Fast(er) rail in the North East?

Given that gauge conversion in the North East is going ahead, I thought it might be good to have a quick look at the prospects for making it faster than the planned 130kph line speed.

As I discussed in the previous post, rebuilding line to RFR standard costs around $1.5m/km. For the 200km North East project, that’s $300m. Of course, that cost doesn’t include upgrading the existing SG line beyond its current 130kph limit, but given the line is already getting concrete sleepers and other works, a signalling and level crossing upgrade may well be all that’s required to make the line 160kph ready (but then again much more work may be required). The same should apply for the SG line from Seymour to Melbourne.

Buying rollingstock to service the line would also be necessary. The original Vlocity contract put the cost of each motor car at $7.04m (525/ 76) in 2002 dollars – or $8.05m in 2007 dollars. The most recent contract extension put the cost of each motorised trailer at $4.75m (38/ 8 ) in 2007 dollars. The project will see 15 carriages converted, as I understand it to be marshalled into 3 5 car sets. In Vlocity terms, that’s 6 motors and 9 motorised trailers, at a total cost of $91.05m.

RFR infrastructure standards and trains (but not service standards) are achievable without a great deal of difficulty, but it doesn’t mean they are worth it. There’s still only 5 trains per day going beyond Seymour – hardly a lot of patronage to justify additional investment. The reality is that freight is driving the investment on the line, and the industry simply isn’t demanding line speeds above 130kph.

There is little point in investing money to get line speeds over what freight demands for a measly 5 trains per day to towns where air isn’t a serious competitor. The only reason to go above 130kph would be as part of a bigger strategy for frequent high speed rail from Melbourne to Sydney. But 160kph would be woefully inadequate for such a service if it is to compete with air. Line speeds of 200kph would be required at minimum, all the way to Sydney.

Whilst 200kph line speeds and diesel traction still wouldn’t deliver the requisite 4 hour journey times (as discussed a while ago on Riccardo’s blog) to beat air CBD to CBD, they might still be a good start. The Deutsche Bundesbahn upgraded many conventional mainlines to this standard in the 70s, which made the introduction of ICE services that bit easier. But it has to be part of a broader plan for high speed passenger rail between major cities (not one horse towns) – in absence of such a plan, I’d much rather have the money go to increasing freight capacity by double tracking Albury – Junee and Seymour – Melbourne.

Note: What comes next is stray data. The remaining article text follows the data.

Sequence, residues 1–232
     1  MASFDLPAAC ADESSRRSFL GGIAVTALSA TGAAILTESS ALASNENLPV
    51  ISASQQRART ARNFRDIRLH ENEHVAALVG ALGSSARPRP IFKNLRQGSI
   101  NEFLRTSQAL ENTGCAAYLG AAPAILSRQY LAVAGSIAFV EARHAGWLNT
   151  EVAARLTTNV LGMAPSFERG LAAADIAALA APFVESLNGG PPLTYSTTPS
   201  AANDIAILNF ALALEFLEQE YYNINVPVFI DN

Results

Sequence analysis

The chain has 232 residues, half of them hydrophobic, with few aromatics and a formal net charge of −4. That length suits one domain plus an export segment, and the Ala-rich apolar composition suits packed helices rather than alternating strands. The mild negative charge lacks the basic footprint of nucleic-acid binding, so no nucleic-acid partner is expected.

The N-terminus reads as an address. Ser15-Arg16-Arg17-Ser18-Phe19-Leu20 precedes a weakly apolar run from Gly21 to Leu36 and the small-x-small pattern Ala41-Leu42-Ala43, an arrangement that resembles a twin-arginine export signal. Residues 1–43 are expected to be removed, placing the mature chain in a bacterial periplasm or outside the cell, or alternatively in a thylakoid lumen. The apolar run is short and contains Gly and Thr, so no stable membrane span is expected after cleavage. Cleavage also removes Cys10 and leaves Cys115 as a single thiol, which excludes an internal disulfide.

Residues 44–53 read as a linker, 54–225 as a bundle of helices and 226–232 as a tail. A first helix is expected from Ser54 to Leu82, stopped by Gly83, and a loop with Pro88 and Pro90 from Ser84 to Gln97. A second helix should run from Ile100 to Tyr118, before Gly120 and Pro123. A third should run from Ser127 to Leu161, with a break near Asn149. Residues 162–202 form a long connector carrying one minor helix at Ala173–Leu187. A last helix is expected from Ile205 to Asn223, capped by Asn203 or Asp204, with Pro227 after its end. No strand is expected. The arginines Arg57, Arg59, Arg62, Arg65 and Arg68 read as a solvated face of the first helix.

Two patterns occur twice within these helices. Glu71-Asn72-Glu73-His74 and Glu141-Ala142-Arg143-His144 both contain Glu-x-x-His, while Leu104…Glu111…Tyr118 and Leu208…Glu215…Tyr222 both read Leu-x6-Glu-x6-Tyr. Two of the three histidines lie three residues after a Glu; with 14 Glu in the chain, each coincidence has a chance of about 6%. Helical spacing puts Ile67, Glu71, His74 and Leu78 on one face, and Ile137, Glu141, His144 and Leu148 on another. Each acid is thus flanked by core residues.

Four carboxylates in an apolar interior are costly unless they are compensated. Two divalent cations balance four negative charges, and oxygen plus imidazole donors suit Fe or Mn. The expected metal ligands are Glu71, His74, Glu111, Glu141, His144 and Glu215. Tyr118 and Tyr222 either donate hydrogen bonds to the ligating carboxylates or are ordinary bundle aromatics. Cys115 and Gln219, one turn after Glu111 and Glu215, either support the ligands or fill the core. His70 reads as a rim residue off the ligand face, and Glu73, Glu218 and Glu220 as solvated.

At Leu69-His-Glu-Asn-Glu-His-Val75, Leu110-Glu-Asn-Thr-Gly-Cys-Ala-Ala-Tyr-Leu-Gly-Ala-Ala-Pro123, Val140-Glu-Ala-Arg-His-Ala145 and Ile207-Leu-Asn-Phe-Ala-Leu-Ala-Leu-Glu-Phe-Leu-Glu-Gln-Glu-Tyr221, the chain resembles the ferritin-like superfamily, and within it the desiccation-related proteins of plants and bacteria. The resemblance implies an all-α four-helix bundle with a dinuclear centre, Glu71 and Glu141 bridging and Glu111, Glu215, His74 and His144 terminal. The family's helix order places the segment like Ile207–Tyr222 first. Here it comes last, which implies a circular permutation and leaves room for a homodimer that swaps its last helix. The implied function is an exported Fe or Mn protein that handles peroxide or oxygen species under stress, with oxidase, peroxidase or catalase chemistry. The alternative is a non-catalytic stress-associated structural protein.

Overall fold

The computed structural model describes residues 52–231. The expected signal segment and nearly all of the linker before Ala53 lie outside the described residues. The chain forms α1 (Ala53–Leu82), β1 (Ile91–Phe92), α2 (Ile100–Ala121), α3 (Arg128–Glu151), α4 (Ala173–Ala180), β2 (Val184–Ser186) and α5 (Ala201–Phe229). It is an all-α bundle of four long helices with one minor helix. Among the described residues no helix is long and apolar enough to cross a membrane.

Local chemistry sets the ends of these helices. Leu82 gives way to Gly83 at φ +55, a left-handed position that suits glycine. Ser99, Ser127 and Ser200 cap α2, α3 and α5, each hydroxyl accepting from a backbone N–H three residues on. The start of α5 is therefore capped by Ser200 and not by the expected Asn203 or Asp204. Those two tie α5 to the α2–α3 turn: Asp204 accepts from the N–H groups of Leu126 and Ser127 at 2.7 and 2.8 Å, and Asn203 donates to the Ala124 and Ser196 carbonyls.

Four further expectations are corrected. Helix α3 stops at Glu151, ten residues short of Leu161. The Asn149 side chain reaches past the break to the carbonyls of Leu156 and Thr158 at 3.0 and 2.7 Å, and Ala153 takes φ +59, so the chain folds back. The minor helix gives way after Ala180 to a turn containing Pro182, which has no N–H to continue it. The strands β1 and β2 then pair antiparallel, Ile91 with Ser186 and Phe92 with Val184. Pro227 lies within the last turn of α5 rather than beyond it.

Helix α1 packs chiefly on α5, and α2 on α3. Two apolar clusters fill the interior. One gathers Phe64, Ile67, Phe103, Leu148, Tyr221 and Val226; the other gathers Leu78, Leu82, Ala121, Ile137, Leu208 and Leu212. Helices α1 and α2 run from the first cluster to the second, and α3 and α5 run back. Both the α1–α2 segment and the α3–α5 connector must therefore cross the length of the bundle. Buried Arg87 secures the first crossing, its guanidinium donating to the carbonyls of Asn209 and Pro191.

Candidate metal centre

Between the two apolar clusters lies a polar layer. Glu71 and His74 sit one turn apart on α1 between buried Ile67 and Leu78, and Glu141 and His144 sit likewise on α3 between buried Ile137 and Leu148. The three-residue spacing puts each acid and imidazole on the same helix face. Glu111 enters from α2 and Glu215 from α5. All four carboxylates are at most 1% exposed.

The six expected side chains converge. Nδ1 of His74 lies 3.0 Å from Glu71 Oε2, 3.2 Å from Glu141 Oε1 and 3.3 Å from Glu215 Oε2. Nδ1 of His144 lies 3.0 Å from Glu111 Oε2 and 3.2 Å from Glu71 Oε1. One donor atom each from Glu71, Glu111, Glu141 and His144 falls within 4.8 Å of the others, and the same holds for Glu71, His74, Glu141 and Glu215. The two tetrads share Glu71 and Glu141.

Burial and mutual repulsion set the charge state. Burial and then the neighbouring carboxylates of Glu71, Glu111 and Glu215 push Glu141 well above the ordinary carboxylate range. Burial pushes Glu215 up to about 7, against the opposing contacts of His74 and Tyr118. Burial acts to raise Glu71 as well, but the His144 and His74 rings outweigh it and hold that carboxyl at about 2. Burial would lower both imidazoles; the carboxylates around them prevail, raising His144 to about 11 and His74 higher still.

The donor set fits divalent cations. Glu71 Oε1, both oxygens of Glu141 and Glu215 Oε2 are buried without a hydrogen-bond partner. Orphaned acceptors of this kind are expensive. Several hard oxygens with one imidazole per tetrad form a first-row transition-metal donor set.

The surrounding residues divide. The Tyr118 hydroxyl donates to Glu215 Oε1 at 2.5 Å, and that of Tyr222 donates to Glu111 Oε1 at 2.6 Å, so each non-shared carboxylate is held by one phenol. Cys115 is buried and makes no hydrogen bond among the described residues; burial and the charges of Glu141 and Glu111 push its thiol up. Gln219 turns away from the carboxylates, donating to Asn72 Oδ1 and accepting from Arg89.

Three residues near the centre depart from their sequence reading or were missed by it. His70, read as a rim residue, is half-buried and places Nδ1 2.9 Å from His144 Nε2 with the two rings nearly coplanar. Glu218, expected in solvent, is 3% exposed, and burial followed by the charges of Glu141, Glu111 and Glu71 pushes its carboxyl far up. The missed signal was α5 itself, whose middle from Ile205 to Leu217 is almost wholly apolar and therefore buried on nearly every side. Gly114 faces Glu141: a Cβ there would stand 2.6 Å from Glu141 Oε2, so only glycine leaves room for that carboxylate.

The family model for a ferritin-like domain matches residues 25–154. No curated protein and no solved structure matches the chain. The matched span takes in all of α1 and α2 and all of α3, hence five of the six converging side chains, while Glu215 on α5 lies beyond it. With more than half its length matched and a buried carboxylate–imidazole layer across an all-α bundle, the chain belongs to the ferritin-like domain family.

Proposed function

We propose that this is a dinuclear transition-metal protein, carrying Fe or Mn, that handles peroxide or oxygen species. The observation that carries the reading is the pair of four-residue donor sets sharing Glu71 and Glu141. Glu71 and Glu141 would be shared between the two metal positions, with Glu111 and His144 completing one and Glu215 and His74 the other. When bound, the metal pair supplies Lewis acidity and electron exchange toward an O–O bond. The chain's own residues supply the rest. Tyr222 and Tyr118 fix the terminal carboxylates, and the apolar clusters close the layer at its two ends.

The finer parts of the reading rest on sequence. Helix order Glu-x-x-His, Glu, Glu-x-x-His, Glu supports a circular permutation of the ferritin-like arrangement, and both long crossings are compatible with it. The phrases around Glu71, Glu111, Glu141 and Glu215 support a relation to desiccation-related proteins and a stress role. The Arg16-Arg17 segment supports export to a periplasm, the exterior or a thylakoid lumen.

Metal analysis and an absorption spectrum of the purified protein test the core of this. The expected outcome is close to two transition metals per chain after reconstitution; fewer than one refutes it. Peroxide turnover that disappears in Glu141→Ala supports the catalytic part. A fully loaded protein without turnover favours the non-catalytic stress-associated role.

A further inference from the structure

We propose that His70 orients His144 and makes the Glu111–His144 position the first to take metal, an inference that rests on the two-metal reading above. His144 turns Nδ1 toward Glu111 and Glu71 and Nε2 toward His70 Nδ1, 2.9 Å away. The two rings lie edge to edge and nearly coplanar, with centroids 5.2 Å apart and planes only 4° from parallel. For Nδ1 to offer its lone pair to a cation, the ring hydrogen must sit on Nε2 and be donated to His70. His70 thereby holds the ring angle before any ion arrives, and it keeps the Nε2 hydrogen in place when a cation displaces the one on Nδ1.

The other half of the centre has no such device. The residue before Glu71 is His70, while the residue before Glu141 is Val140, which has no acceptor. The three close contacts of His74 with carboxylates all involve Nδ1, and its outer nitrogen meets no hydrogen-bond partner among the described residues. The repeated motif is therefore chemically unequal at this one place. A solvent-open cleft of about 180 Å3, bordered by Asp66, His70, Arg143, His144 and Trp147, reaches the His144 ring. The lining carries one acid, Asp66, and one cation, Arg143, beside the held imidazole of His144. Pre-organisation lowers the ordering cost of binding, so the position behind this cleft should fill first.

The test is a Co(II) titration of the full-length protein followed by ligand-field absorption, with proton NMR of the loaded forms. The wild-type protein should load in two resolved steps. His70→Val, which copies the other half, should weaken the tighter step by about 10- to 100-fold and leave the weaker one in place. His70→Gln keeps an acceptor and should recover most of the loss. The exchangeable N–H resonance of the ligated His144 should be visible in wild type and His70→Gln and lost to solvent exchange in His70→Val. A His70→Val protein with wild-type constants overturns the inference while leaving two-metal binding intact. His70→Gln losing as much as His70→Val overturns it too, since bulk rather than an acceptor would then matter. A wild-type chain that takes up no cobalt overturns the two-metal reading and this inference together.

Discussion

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12 Responses

  1. Phin, I think that any push for speeds over 130kph are a non-starter on the North-South corridor in its current (and imminent future) form.

    North of the Victorian border, the post-Baan Baa across the board speed reduction of CountryLink trains to 130kph provided an excellent excuse for RIC and later ARTC to save money by not maintaining the southern reaches of the Main South to 160kph standards. ARTC also used premium pricing south of the border to slow the XPT down to 130kph (and where it could to 115kph).

    I agree that if you were going to seriously look at high speed rail, you’d want to pursue newer, straighter alignments, with 21st Century, rather than 19-20th Century engineering standards. Making the current Sydney-Melbourne corridor a ‘two speed’ railway to take high speed rail and heavy freight would be a waste.

    Finally, there has been an excellent series of articles in Railway Digest over the last year or so by Colin Butcher that goes into some depth in the engineering and economics of high speed rail in Australia – I commend them to your (and the other readers’) attention if you have not already done so.

    LS

  2. The current line North of Albury should only have local trains with a New shorter high speed capable route via Gundagai and Holbroock. With overhead wiring and double track all the way between capitals and a New route through the windy moutainous bit near Picton.

  3. Thanks for the cross-ref Phin, I’d forgotten about this post although I alluded to it earlier today on the Page.